09 June 2018

Academic Policy Drivers

The NSW Auditor-General's Report to Parliament regarding the state's universities highlights dependence on overseas students, an issue across the sector.

The report 'analyses the results of our audits of financial statements of the ten NSW universities and their controlled entities for the year ended 31 December 2017'. The executive summary comments -
1. Financial reporting and performance 
Financial reporting 
The financial statements of all ten NSW universities and 66 out of 69 of their controlled entities received unmodified audit opinions. The number of uncorrected misstatements continues to decrease. Two universities improved the readability and understandability of their financial statements by simplifying their disclosures. Six universities finalised their financial statements earlier than in previous years. Eight universities are yet to quantify the impact of new accounting standards applicable in future years. An accounting issue was identified relating to the recognition and measurement of payroll tax liabilities on employees' defined benefit superannuation contributions payable to the superannuation funds. 
Recommendation: NSW universities should clarify the recognition and measurement of their liability for payroll tax on their defined benefit superannuation obligations before 31 December 2018. 
Sources of revenue from operations 
Government grants as a proportion of total revenue decreased over the past five years by 6.4 per cent. 
Revenue from overseas student course fees increased by 23 per cent in the last year and contributed $2.8 billion to the NSW university sector in 2017. Revenue from overseas students from four countries comprised 37 per cent of total student revenues for all NSW universities.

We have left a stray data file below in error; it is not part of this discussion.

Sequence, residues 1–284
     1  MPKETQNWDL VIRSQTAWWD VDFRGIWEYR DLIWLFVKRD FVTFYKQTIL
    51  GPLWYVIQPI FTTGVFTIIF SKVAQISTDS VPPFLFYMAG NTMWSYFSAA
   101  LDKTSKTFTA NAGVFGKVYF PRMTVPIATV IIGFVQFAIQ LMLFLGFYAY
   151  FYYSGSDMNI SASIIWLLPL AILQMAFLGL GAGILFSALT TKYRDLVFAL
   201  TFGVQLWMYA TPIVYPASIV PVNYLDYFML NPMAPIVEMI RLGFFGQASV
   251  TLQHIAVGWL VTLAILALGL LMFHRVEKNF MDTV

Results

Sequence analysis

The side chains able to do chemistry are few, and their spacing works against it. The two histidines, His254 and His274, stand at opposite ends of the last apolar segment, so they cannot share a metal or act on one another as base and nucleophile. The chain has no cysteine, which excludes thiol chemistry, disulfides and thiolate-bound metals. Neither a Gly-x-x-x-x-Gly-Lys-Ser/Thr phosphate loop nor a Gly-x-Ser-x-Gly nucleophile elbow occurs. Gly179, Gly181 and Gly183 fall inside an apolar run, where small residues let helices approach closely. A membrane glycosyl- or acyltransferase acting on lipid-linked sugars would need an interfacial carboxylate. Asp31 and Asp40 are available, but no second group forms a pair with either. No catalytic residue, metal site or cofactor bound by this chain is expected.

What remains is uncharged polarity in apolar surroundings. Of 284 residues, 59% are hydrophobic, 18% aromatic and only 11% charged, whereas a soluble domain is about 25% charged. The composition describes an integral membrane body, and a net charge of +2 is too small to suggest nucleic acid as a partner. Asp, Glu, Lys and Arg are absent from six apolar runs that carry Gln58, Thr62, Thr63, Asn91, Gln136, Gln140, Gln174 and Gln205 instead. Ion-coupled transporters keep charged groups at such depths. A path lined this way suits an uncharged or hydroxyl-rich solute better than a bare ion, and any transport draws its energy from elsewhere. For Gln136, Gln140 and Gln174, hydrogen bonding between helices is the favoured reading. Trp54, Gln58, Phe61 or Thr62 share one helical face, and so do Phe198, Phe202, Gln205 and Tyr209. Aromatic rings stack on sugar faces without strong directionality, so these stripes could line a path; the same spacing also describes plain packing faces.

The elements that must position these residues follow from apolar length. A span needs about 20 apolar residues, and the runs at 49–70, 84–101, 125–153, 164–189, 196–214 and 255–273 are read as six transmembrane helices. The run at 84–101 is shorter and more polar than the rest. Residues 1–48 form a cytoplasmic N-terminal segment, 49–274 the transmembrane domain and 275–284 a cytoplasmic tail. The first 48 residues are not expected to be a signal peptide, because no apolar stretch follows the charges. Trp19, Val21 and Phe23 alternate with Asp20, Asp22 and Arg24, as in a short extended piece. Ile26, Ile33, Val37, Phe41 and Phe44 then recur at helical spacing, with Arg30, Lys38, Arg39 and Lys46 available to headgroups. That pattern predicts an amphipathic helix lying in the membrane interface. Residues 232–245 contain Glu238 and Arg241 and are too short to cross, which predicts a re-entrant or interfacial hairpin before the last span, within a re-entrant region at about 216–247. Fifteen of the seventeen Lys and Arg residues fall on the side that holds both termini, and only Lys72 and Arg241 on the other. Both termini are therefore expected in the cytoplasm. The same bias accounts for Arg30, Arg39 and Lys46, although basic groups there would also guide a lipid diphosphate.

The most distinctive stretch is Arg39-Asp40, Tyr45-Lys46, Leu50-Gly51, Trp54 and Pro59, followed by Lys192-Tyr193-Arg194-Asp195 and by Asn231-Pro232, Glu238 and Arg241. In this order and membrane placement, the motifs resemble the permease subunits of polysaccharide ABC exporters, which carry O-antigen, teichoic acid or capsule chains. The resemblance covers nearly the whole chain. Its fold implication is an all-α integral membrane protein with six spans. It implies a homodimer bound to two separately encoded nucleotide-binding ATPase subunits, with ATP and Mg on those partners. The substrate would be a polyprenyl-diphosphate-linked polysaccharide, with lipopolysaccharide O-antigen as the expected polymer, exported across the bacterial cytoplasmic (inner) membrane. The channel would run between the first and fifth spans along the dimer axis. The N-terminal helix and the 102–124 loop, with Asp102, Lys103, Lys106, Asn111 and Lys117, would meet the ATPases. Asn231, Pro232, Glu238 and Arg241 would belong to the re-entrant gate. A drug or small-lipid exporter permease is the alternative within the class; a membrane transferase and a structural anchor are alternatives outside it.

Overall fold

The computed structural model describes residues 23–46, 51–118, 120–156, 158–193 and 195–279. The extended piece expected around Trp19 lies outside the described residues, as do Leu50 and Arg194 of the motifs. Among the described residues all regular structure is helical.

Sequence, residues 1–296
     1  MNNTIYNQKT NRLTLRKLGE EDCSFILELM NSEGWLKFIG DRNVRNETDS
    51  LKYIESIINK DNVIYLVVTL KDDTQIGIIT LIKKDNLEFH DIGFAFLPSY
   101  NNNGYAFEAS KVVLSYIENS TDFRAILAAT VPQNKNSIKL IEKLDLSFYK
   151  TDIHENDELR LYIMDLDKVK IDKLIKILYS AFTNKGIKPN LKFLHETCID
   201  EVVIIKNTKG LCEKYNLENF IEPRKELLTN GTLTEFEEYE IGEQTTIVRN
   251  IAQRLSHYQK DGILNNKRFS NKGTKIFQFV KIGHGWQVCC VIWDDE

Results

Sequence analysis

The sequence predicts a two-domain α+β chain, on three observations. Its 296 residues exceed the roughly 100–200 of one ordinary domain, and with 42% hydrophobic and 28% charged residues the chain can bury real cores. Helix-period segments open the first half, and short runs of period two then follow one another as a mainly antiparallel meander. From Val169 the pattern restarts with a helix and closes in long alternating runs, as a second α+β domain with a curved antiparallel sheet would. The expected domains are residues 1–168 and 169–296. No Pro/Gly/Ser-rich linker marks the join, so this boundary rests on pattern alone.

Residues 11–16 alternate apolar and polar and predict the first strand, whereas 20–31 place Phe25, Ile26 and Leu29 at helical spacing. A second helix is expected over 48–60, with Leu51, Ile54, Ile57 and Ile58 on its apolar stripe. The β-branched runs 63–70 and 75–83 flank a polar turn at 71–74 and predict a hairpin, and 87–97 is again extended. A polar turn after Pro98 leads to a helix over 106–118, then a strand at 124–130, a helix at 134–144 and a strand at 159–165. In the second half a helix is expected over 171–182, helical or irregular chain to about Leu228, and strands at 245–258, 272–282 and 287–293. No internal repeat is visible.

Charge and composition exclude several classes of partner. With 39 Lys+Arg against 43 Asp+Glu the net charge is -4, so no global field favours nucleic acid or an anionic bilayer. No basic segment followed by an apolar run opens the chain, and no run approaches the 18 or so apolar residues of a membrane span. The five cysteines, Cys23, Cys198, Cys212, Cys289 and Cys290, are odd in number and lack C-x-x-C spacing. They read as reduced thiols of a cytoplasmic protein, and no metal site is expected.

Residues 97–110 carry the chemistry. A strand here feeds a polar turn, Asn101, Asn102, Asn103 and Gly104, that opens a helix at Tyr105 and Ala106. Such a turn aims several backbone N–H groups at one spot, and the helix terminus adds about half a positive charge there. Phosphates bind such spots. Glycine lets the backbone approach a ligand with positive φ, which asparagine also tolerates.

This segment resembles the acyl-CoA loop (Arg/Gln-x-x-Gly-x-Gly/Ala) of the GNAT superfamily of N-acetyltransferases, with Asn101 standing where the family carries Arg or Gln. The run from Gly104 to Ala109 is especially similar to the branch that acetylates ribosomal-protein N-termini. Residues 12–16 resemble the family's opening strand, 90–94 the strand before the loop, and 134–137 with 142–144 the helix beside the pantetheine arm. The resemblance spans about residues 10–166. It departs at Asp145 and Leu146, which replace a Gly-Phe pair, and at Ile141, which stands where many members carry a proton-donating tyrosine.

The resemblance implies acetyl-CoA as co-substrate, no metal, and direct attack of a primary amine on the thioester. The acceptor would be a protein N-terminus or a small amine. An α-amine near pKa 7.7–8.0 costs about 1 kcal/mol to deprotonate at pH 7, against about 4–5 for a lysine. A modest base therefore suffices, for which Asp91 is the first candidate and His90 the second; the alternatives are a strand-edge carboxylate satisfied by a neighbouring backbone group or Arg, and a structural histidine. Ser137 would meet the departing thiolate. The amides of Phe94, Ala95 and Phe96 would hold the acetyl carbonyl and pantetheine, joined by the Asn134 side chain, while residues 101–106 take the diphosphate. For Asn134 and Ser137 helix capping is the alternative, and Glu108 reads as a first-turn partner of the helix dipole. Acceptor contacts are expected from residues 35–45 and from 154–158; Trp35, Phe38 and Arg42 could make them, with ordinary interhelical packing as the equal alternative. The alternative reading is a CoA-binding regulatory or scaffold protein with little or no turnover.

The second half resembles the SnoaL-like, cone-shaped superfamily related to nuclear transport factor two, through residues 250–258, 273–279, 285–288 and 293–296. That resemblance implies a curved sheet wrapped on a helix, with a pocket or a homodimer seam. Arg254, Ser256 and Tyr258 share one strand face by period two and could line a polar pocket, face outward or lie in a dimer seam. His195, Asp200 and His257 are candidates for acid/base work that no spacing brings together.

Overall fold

Recommendation: NSW universities should assess their student market concentration risk where they rely heavily on students from a single country of origin. This increases their sensitivity to economic or political changes in that country. 
The research income of NSW universities was $1.1 billion in 2016 and has grown by 9.8 per cent between 2012 and 2016. 
Other revenues 
Total philanthropic revenue increased by 1.0 per cent from 2016 to $151 million in 2017. Average investment returns fell from 7.0 per cent in 2013 to 5.8 per cent in 2017, while total investments grew to $5.4 billion in 2017 from $3.5 billion in 2013. Low interest rates have made investment in fixed income assets less attractive for universities. Over the last five years universities have increased their investment in non-fixed income (or market based) assets by 67.1 per cent. Most NSW universities have established investment governance frameworks. 
Financial sustainability indicators 
Operating expenditure per equivalent full-time student load (EFTSL) increased by 3.0 per cent in 2017. For six universities, the growth in operating expenditure has exceeded the growth in operating revenue, reducing operating margins. The risk associated with narrowing margins is compounded where universities have a high reliance on student revenues from a single source. Sudden changes in demand can challenge the ability of those universities to adjust their cost structures. Eight universities have current ratios greater than one in 2017. 
Controlled entities 
Sixteen of the universities' 58 controlled entities that operate business activities reported losses in 2017 (15 in 2016). Overall, the financial performance of controlled entities operating business activities was positive, but results in 2017 were lower than in 2016.